Senior GOP lawmaker misled elderly Iowan on early voting options

State Representative John Wills bragged in a recent Facebook post that he had reassured an elderly housebound voter, who was worried about getting an absentee ballot. The third-ranking Iowa House Republican told the story to show the “mantra that Republicans are trying to prevent people who don’t think like us from voting is false.”

More than a dozen Iowa Republican lawmakers and legislative candidates liked Wills’ self-congratulatory post.

There was just one problem: thanks to changes Wills and his colleagues enacted in 2021, the deadline for that woman to request an absentee ballot had already passed.


“Last night I had the pleasure of meeting and talking to a very nice 93 year old woman,” began the October 26 Facebook post. Although the woman told Wills, “I can’t vote for you because I’m a Democrat,” he wasn’t bothered. “I said that’s is fine, we are still on the same team.”

Wills can afford to be gracious, since he represents one of the reddest state House districts, and has no Democratic opponent. In competitive House races, Republicans are spending hundreds of thousands of dollars on advertising portraying Democrats as dangerous threats to the public.

Back to the story at hand: our hero recounted how his new acquaintance “got a little emotional and said she doesn’t even know if she can vote because she is homebound and didn’t know how to get a ballot.”

No worries! “I explained to her how to get one and then said if you need help, or when your assistant comes to see you tomorrow, just call me and we will figure it out together.” The woman “got very emotional at that and said you are a good Republican.”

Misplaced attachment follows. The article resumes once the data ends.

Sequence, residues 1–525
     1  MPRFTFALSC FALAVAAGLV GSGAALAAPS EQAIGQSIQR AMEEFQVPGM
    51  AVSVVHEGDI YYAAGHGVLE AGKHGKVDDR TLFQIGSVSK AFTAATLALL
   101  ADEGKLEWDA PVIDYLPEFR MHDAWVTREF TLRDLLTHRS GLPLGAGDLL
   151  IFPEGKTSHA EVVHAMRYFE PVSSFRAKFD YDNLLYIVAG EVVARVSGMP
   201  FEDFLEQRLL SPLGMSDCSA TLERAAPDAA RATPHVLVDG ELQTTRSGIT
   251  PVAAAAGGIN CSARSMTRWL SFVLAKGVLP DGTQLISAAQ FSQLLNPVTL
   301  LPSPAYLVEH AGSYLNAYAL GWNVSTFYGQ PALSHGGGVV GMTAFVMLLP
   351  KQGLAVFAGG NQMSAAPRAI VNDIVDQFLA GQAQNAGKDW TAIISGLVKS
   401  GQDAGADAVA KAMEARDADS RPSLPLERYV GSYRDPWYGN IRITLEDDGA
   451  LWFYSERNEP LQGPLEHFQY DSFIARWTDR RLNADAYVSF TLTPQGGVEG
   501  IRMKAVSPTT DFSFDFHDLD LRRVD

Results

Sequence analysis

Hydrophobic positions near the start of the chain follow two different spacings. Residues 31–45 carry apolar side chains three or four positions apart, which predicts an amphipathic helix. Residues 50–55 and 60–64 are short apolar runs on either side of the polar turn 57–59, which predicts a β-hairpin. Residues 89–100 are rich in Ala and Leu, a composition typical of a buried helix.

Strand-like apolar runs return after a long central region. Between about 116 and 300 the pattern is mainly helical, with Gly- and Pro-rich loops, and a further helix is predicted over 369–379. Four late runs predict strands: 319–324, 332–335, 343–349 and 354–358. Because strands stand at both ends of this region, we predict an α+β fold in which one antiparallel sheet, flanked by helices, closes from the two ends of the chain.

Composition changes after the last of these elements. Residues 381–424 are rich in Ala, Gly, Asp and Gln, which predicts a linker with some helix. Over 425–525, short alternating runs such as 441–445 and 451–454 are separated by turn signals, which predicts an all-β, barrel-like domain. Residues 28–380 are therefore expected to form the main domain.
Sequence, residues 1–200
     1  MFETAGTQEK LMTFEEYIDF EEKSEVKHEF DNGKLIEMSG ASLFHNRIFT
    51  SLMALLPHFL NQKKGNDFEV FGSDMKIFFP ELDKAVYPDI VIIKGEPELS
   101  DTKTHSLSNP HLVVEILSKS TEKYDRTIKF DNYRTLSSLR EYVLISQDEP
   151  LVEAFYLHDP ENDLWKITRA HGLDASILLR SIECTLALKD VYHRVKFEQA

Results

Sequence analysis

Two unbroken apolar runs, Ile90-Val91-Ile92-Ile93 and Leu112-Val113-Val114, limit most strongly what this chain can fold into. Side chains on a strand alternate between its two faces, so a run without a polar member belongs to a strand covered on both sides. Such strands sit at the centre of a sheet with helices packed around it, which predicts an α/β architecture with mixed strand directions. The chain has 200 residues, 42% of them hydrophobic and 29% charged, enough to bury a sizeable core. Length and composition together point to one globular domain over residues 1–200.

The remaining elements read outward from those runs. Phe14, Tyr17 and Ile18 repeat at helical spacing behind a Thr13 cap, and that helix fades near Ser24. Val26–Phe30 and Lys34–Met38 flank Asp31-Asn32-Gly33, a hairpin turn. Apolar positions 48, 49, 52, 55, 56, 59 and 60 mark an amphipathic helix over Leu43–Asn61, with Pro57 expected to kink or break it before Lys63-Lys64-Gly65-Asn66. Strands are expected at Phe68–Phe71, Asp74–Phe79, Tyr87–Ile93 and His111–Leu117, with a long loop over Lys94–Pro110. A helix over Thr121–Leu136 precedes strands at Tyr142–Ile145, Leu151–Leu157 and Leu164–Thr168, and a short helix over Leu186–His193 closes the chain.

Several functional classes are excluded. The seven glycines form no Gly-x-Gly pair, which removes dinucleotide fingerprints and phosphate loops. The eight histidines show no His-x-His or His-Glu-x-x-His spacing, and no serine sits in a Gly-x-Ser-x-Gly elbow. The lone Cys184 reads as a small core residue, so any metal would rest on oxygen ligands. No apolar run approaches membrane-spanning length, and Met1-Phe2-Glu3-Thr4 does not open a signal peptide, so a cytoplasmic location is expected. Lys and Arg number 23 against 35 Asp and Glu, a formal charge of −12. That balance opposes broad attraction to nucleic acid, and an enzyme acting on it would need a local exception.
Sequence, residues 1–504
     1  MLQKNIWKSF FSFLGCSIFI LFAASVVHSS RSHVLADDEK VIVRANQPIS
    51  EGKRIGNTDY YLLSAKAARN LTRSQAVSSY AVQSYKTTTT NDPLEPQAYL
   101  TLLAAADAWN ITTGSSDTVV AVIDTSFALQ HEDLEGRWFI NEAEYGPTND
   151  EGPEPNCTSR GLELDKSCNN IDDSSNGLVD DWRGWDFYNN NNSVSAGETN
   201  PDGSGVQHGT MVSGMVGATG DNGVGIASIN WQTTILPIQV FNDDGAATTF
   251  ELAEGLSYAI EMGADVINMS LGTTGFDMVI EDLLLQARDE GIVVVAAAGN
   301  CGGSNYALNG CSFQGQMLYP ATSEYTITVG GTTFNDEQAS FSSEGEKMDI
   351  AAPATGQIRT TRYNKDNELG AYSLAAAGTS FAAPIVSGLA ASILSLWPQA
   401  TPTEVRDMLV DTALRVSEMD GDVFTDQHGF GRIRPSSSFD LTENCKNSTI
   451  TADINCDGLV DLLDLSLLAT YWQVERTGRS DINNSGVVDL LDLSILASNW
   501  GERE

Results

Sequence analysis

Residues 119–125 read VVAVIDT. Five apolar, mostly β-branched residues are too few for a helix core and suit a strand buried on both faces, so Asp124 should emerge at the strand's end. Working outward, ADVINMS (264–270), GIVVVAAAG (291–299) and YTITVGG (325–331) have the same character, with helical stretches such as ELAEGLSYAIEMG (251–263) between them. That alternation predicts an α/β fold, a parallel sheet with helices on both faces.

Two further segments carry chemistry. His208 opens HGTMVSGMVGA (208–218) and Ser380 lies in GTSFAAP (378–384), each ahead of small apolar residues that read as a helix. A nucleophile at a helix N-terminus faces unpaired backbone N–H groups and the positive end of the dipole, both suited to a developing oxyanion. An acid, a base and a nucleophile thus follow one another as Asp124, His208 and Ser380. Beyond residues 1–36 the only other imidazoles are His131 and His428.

“The bottom line,” for Wills, is that Republicans are not trying to keep anyone from voting.

Unfortunately, by the time he met the distressed lady on October 25, she had already missed the boat on voting by mail.


Until last year, Iowans could request a ballot up to ten days before a general election and up to eleven days before other elections.

But under a 2021 law that attacked early voting in many ways, which Wills and fellow Republicans approved along straight party lines, the deadline is now fifteen days before an election. Any Iowan whose absentee ballot request didn’t reach their county auditor by 5:00 pm on Monday, October 24 was out of luck. (Iowans must submit those requests on paper; there is no email or online option.)

Hundreds of Iowans whose ballot requests would have been on time under the previous law missed the deadline before this year’s primary election, and about half of them did not end up voting in the primary.

If that 93-year-old woman or her assistant called her county auditor following the conversation with Wills, they would have been told it was too late to have a ballot mailed to her residence.

Would Wills attempt to contact this woman, to help her find a way to vote in person, either before November 8 or on election day? He did not respond to public comments I wrote under his Facebook post, or to my efforts to reach him last week by phone, email, and Facebook private message.


The new deadline for voting by mail is not ambiguous or secret. Republican Secretary of State Paul Pate tweeted on the morning of October 24, “TIME IS RUNNING OUT.” He reminded Iowans that all absentee ballot requests must arrive at the county auditor’s office by 5:00 pm that day.